March 01, 2008

Denver To Begin Accepting Democrat National Convention Rally And Protest Requests

Gotta beef with the Democrat party? Want to levitate the Denver Mint? Or simply participate in likely the most media-drenched event in Denver's history?

Then you better get your plans in early or face the "blind lottery"
The city of Denver has set up a process for groups to apply for permits and licenses for the use of parks and city streets before and during the Democratic National Convention.

Denver Mayor John Hickenlooper on Friday declared the convention an "extraordinary event," which requires special procedures to handle permits and licenses for use of city property and facilities.

The city on Monday will start accepting requests from groups that want to hold rallies, marches and other events before and during the convention.

"We're working as hard as we can to make it a fair and transparent process," said Kevin Scott, the permitting liaison for the convention.

From March 3 to March 14, the city will be accepting requests for use of parks and suggested parade or march routes. The requests will be for events to be held from 12:01 a.m. Aug. 15 to 11:59 p.m. Aug. 31. The convention runs from Aug. 25-28.
A few DNC details are still TBD:
Two things have yet to be determined - the security perimeter or First Amendment Zone around the Pepsi Center, where protesters can gather.

"That comes from the Secret Service," said Archuleta. "When we know it, we would release it."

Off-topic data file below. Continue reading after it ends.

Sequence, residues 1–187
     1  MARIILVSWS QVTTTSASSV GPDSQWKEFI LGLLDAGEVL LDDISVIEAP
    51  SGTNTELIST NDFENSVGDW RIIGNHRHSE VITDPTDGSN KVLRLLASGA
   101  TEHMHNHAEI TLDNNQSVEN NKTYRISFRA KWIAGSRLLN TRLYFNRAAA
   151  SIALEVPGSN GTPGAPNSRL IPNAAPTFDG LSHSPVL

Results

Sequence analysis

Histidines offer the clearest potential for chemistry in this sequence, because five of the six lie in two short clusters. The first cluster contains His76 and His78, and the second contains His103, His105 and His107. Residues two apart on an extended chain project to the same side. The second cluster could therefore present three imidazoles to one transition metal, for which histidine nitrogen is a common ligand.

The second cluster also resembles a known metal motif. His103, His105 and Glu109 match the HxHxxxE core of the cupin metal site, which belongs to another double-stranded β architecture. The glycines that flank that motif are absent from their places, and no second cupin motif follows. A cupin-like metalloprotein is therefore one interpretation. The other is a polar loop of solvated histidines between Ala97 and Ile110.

Another is the parade route. The city is committed to having at least one route open to groups that want to hold a parade or march that will end within view and earshot of the Pepsi Center.

"We share the protesters' concerns about that and they will be taken into consideration," said Archuleta.
Guess who isn't pleased with the new rules--that's right, Recreate68! wants a place to camp:
"The city has made some very positive changes as far as removing insurance requirements," said Glenn Spagnuolo, one of the organizers for Recreate' 68 Alliance. "But we are upset with the fact that the city has made one specific change to stop Recreate 68 what it is intending to do."

Under the old park ordinance, Spagnuolo said the city allowed overnight camping at the Civic Center park. However, that provision was not included under the new permitting process.

Spagnuolo said he expects thousands of people to come from across the country for the Recreate '68 events, but most will not be able to get hotel rooms, because they would have long been booked up, and have no place to go.

"That's a major problem," said Spagnuolo. "The city knows that they are creating a confrontational event that we're trying to avoid."

But Archuleta said that the city's park ordinance has long prohibited overnight camping except in Denver's mountain parks.

"They understand the laws," she said. "What we want them to do is honor the ordinance."
They won't honor the ordinance in August any more than they honored it in October 2006 ahead of the annual Columbus Day Parade protests. By preemptively threatening confrontation--a common moonbat intimidation tactic, despite protestations that they are the "peaceful" ones--Recreate68! puts Denver's police on the defensive and creates the meme that the police are, in fact, provoking the poor, innocent protestors.

Boo hoo.

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